You are here: HomeNews2011 04 02Article 206167

Opinions of Saturday, 2 April 2011

Columnist: Aoaeh, Brian Laung

We Must Hold Ourselves To A Higher Standard

Tears ran down my cheeks as I sat in my office in far away New Jersey in the United States and watched a graphic video showing a young woman, an alleged thief, being attacked and sexually molested by a mob of men on the campus of the University of Ghana (Legon) in Accra.

I did not have the privilege of going to Legon, but I have always held it in very high regard, after all my father, his younger brother, my uncle and many of my favorite uncles and aunties all were educated in the venerable halls of Ghana's first university, and one of West Africa's finest.

For the first time, I am glad that I was not educated at Legon. I am not asserting that this crazed mob is representative of all the students that attend that august institution. However, I am sure that there were members of the Legon community that could have stepped in to prevent this atrocity from happening. That no one intervened directly is nearly as bad as participating directly in the crime if members of the Legon community were bystanders.

We should all be ashamed. Ashamed that such a dastardly act could happen on that campus. Ashamed that campus security saw it fit to apprehend the victim, but let the mob that was molesting her go free instead of immediately apprehending everyone that may have been a witness to, or participant in this unfortunate incident. Ashamed that this moment of mob madness may put a blemish on the good name of Legon, and of Ghana.

A heated debate broke out on FaceBook after the video was posted. Some are of the opinion that the video should not be shared widely. They argue that we must protect the victim's privacy and dignity. They argue that we should not place the blame on students of Legon, after all many non-students roam the streets of the university. They argue that the victim is to blame for what happened to her, after all they say, she stole cellphones and a laptop. The arguments for doing nothing, or acting with caution, or acting timidly are numerous. I understand them, and I sympathize with the emotions that lead to those sentiments.

Here is a question; what would you do if the victim were your sister, your wife, your friend? I know what I would do. I would demand justice. No ifs, no buts. Protect her dignity? How does doing nothing protect her dignity? Pray, tell me, how? Reports indicate that she's in custody. Not in hospital, mind you. In custody. Where are her attackers? No one knows. That is an outrage.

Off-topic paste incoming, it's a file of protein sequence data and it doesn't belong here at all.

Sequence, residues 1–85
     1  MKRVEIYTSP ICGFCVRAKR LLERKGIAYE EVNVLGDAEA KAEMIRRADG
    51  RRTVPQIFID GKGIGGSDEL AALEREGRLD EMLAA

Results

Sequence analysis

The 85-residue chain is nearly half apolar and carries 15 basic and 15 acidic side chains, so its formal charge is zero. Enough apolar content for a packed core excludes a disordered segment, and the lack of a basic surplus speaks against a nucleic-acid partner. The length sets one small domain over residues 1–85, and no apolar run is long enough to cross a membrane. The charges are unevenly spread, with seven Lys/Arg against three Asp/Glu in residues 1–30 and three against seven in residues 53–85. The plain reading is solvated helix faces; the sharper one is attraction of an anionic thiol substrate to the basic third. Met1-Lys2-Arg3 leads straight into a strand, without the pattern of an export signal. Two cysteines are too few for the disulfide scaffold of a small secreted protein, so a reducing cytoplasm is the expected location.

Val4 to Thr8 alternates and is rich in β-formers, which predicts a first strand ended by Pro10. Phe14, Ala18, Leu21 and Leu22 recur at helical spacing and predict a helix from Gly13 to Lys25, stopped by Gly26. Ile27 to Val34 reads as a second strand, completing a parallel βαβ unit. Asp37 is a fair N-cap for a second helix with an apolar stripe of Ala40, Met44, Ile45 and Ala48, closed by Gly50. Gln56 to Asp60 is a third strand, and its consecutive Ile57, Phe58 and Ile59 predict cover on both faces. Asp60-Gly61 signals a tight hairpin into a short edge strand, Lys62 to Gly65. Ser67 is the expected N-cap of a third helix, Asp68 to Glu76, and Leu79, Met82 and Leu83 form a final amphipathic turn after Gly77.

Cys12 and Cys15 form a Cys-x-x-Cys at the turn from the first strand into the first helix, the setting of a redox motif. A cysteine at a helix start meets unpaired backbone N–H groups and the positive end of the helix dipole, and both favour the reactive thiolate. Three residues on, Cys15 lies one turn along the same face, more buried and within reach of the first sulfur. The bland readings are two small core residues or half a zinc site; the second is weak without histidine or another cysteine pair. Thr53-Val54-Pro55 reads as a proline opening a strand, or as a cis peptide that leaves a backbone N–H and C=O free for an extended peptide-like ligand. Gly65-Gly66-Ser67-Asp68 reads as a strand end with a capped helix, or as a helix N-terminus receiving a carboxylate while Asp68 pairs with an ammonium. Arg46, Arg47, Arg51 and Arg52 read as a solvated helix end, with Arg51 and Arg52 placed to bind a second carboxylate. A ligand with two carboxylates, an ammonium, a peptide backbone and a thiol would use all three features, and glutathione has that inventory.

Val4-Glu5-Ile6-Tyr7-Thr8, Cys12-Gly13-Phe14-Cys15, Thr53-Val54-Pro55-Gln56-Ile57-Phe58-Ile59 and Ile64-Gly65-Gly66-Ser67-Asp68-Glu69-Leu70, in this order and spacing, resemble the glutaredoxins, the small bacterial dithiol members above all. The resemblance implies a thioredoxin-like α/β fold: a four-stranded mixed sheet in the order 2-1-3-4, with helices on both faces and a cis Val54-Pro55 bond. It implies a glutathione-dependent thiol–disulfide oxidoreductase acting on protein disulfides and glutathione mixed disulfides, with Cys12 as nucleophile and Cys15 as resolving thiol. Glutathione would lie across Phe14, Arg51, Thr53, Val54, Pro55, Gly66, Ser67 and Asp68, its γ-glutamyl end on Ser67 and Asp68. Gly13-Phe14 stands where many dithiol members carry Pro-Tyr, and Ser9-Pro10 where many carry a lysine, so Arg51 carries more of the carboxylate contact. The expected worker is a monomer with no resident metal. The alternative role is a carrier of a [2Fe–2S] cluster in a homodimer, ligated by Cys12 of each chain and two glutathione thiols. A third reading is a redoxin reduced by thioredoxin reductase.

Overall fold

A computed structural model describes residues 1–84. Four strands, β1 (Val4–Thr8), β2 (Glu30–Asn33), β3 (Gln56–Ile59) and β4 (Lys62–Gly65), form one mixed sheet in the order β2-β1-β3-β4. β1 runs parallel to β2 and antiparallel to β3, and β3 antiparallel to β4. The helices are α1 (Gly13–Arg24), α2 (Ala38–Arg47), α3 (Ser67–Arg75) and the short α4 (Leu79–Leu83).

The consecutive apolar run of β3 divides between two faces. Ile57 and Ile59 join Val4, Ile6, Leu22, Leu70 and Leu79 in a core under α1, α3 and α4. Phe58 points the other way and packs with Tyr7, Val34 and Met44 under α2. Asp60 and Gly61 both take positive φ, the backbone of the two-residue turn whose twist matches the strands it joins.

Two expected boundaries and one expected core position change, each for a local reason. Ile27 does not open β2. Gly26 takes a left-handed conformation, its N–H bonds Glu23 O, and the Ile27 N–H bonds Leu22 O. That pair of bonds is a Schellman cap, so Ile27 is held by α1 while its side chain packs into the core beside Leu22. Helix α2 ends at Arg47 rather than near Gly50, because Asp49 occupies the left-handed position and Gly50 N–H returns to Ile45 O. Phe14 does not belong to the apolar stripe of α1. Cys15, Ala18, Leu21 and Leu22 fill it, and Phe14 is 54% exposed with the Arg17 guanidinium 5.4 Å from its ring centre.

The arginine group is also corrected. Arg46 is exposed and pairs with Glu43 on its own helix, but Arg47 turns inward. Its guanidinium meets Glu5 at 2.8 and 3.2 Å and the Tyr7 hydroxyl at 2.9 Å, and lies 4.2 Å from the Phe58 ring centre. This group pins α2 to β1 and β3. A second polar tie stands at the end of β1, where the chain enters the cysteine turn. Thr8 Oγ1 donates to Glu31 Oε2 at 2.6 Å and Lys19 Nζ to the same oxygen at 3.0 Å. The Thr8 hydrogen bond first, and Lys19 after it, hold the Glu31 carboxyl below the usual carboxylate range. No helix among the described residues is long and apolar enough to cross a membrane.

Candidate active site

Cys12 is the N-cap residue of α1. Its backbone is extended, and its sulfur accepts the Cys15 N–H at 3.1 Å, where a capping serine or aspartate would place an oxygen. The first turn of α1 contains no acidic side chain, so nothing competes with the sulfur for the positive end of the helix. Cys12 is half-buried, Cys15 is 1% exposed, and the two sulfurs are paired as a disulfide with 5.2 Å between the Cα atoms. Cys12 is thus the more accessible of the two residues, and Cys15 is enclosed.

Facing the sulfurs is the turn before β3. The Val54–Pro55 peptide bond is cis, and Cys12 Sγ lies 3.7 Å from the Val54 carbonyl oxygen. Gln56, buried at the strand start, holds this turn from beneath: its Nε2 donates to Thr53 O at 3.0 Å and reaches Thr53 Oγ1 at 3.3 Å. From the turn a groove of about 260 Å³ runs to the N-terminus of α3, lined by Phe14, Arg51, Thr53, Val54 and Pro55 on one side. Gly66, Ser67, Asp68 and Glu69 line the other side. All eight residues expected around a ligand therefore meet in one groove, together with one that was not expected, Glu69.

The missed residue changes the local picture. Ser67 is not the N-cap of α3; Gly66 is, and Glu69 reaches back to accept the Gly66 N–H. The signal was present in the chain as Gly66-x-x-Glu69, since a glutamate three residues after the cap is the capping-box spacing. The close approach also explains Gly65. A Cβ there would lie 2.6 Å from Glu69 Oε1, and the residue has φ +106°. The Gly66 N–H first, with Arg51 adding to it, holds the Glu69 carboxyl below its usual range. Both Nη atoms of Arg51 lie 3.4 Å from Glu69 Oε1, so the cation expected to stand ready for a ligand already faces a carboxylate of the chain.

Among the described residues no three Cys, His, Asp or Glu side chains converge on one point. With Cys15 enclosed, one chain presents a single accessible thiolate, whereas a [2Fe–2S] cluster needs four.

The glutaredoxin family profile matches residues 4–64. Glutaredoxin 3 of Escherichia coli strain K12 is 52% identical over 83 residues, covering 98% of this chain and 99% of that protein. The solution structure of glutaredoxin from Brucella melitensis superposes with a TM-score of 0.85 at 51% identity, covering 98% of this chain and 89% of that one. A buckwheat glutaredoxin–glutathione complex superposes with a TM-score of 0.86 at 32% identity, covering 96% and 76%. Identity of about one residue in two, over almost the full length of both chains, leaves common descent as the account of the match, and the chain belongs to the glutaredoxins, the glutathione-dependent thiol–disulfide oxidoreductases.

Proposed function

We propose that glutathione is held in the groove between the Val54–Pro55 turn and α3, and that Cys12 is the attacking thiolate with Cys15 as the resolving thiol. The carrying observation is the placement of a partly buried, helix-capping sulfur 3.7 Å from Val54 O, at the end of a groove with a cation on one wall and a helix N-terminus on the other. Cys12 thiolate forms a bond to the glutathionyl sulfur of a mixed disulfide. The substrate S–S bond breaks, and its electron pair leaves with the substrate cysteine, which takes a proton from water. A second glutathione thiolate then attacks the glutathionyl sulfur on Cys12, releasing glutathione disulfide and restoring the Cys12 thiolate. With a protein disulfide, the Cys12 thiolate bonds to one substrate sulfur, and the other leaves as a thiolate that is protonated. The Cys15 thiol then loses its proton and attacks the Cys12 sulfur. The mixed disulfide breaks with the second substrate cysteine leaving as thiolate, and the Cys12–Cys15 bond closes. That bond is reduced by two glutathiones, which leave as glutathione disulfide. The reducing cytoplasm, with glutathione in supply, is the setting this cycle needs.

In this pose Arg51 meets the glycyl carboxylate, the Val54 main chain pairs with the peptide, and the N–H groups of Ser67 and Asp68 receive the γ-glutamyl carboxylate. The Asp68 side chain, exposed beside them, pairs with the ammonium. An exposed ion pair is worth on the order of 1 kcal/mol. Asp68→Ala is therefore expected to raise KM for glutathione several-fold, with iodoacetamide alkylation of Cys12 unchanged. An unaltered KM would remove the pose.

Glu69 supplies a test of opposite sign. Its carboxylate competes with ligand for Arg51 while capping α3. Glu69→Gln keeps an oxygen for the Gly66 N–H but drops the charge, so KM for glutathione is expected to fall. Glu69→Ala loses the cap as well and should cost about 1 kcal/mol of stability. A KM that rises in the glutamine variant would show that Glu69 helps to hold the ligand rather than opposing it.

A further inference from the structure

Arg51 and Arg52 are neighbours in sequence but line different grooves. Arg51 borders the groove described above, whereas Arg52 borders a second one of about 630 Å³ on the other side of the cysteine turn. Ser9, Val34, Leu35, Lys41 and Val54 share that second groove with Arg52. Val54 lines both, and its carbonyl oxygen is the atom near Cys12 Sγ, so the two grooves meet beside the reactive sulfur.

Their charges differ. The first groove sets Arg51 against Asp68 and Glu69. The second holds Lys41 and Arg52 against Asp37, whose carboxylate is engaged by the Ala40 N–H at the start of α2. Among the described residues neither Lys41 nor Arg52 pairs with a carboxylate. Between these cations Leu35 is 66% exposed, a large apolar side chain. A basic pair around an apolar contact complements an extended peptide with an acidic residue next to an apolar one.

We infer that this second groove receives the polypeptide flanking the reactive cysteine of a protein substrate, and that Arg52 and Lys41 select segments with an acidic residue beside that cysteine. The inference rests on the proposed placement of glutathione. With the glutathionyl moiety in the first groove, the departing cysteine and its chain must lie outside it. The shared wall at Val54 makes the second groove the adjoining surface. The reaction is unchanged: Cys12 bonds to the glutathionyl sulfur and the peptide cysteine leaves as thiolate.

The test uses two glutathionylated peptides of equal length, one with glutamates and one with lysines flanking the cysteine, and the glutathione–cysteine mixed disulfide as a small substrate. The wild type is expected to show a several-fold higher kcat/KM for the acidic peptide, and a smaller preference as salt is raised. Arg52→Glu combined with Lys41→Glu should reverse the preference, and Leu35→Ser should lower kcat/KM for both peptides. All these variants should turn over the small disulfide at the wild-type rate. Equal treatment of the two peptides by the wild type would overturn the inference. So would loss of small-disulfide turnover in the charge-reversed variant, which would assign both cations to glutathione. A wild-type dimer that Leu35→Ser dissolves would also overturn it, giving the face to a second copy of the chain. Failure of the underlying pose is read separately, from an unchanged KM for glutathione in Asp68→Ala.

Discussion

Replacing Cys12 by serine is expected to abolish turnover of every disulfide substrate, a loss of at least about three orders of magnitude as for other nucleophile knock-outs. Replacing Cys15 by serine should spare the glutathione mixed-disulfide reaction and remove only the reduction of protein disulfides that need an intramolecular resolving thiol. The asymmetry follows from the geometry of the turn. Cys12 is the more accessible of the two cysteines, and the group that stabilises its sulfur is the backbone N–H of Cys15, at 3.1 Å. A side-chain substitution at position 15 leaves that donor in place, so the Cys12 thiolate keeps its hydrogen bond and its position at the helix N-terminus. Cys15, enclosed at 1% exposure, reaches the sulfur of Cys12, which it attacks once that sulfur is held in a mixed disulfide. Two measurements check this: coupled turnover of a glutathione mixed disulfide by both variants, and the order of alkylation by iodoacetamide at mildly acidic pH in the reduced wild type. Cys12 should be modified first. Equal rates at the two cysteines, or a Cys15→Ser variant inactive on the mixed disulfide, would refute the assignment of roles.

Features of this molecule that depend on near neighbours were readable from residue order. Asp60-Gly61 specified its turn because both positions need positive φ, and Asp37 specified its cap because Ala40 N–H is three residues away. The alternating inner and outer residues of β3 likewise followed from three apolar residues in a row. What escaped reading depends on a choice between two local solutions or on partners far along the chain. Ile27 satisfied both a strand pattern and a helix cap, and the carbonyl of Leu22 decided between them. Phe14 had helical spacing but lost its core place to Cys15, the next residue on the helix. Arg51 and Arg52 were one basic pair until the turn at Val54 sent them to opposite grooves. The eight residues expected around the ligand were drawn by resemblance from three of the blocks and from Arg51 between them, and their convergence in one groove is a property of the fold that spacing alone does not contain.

To those that would make the assertion that she somehow deserves what happened to her I have a few questions. She deserved to be sexually molested for allegedly stealing cellphones and a laptop? Were these allegations proven to be true? If they were, do the people that make this assertion mean to tell me that they equate what happened to the victim with the value of the cellphones and laptop that her attackers allege she stole?

The people that say we should not blame students of the University of Ghana are missing the point. In action is bad enough. In action when one is witness to a crime of this nature is at least as bad as, if not worse than the crime being committed. Students that witnessed this could have acted before security arrived. They could have helped security apprehend some members of the mob that perpetrated this heinous crime. Yes, we do not yet know if the main actors are students of Legon. But, we may assume that some students saw what was happening and did not act to prevent it. That is a shame, and it certainly is not what Ghana expects from its future leaders.

If we do nothing we are even more guilty than this crazed mob. They may claim that they acted irrationally, on the spur of the moment, out of momentary insanity. We have had ample time to reflect, and if we choose not to act forcefully, and with outrage, to bring justice to bear . . . We are even more culpable than the men that attacked the victim.

If she stole anything she deserves to answer for her crime. She does not deserve to be attacked by predators whose only intent is to violate her womanhood.

We have to be better than that. We have to hold one another to a much higher standard. Ghana deserves nothing less.